B.C. improves environmental reporting

If you commit an environmental offence, your name, fine amount and infraction information will now be made public via a new database.

  • Sep. 4, 2011 8:00 a.m.

Rebecca Billard

Black Press

 

If you commit an environmental offence, your name, fine amount and infraction information will now be made public via a new database.

According to the Ministry of Environment, the launch of the new online database should act as a deterrent to those planning on running afoul of B.C.’s environmental rules.

The database makes it easier to keep track of the people, businesses and industries that have been caught and fined.

Environment Minister Terry Lake said: “The searchable database is part of our mission to improve the way we make information available to the public.”

The free database includes a variety of compliance and enforcement actions taken by ministry staff and enforcement officers.

It includes orders, administrative sanctions, tickets and court convictions covering hunting and fishing, open burning, mud bogging, dam safety and pesticide and pollution violations.

Users can search by names, dates or types of infractions dating back to 2006.

“One of the benefits of making this information more accessible is that it will serve as an added deterrent and help increase compliance with our regulations,” said Steve Thomson, Minister of Forests, Lands and Natural Resource Operations.

The database currently shows 67 records for Burns Lake, from 2006 to December 2010, including a range of Wildlife Act and Water Act infractions.

The database revealed a 2008 fine under the Water Act was issued to Lakes District Maintenance for making a change to a stream without lawful entry.

A ticket was issued in the Nechako Lakes/Omineca region between October and December 2010 to the District of Vanderhoof, who were ordered to pay $575 under the Environmental Management Act for introducing waste into the environment by a prescribed activity.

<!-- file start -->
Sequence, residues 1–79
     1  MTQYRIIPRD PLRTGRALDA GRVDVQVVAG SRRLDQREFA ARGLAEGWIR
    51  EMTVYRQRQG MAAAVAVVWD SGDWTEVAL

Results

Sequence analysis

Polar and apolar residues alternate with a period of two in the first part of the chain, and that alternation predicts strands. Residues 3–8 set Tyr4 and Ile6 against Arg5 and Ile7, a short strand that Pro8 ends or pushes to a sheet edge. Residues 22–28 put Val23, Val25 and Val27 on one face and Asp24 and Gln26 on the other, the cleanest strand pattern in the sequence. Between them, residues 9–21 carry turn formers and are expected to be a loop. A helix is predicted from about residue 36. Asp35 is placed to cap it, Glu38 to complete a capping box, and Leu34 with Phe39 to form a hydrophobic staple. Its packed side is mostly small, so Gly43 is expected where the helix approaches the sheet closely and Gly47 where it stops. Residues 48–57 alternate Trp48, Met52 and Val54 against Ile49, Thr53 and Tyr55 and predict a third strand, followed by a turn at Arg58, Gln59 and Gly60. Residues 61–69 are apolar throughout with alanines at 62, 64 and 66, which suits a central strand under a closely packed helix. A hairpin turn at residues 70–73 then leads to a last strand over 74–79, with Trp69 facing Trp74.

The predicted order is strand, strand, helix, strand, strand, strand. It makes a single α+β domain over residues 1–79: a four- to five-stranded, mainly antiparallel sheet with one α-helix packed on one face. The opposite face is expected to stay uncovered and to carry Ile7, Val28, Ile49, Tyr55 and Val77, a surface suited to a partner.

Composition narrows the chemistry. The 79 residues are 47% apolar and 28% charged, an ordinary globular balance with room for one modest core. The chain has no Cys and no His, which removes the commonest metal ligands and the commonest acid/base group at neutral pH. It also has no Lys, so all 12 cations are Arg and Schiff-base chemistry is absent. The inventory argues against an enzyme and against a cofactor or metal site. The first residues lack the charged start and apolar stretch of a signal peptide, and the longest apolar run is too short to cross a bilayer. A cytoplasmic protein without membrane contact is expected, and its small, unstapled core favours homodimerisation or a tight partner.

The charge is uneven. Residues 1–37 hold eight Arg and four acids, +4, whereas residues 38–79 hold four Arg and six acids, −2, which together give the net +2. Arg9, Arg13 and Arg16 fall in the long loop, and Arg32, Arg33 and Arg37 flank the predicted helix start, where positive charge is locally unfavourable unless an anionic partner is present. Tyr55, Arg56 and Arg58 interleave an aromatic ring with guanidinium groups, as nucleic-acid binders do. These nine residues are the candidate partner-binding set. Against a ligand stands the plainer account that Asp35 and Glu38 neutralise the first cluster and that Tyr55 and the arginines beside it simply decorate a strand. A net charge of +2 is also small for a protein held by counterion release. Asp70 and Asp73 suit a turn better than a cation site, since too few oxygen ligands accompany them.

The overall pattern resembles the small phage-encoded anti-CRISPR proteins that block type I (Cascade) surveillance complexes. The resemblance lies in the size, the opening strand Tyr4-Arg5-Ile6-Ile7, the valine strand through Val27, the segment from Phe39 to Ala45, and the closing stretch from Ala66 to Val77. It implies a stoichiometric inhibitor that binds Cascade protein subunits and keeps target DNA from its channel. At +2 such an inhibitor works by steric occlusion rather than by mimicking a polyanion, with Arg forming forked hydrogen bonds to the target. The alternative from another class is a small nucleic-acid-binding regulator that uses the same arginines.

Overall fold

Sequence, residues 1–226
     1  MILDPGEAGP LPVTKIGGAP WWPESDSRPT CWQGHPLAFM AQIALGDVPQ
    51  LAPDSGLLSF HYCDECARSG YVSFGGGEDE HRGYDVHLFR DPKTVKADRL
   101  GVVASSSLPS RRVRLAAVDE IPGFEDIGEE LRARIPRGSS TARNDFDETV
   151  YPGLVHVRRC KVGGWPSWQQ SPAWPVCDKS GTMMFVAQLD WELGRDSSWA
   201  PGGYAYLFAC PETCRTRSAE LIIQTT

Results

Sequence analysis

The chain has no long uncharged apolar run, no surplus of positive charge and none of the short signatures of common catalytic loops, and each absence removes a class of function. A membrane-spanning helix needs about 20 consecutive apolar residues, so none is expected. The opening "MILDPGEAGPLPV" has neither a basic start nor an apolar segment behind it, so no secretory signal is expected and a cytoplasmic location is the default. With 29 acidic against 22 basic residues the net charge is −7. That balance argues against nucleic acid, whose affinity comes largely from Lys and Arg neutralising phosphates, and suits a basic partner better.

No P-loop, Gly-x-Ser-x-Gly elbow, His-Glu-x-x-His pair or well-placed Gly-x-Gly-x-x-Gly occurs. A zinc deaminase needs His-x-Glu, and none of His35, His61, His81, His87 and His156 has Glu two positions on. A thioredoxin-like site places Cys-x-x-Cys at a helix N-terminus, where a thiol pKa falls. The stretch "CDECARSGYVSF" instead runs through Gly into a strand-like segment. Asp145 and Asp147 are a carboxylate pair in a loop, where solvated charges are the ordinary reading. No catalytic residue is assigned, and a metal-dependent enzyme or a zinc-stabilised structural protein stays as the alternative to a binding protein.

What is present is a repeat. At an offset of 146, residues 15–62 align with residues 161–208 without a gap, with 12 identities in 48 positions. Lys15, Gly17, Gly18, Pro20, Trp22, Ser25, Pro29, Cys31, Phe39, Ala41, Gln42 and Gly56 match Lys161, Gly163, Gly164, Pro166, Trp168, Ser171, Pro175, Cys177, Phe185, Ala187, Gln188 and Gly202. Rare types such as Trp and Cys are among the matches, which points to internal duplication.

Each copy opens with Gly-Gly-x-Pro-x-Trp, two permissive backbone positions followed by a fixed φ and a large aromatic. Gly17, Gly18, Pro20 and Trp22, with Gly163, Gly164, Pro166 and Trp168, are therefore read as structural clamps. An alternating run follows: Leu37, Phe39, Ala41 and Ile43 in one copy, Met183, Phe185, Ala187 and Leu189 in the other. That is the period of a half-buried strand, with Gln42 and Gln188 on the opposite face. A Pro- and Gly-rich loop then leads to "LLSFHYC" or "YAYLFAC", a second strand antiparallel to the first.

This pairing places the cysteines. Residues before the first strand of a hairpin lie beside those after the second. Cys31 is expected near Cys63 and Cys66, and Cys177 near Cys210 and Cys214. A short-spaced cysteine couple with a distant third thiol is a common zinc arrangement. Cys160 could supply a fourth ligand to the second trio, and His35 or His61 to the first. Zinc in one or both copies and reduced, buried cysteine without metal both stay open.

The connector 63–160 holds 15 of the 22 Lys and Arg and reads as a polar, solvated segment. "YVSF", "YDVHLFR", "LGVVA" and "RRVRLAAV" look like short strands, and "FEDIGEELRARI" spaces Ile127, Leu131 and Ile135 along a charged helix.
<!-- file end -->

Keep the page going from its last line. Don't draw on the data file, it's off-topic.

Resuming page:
Most notably in December 2010, Smithers residents Tyler Green and Donald Mowatt both entered guilty pleas at the Smithers Provincial Court and were each ordered to pay $3,000 to the Grizzly Bear Trust Fund, as well as an additional $1,200 each in restitution to parties affected by their illegal activities. Green was charged with hunting without a limited entry hunt authorization, while Mowatt was charged with trafficking dead wildlife parts in connection to the illegal killing and selling of grizzly bears in the Hazelton area.

Mowatt was also issued with a five-year hunting prohibition.

Numerous tickets have been issued to Burns Lake residents for hunting and fishing violations since 2006.

Pinnacle Pellet in Prince George were also issued four $575 tickets in 2009 under the Environmental Management Act for various infractions including failing to comply with the terms of a permit and introducing waste into the environment without a permit or approval.

Environmental violations and human-wildlife conflicts should be reported to the  24-hour conservation office service call centre at 1-877-952-7277.

To view the database or search for the most recent quarterly environmental compliance and enforcement summary at: www.env.gov.bc.ca/main/compliance-reporting.

 

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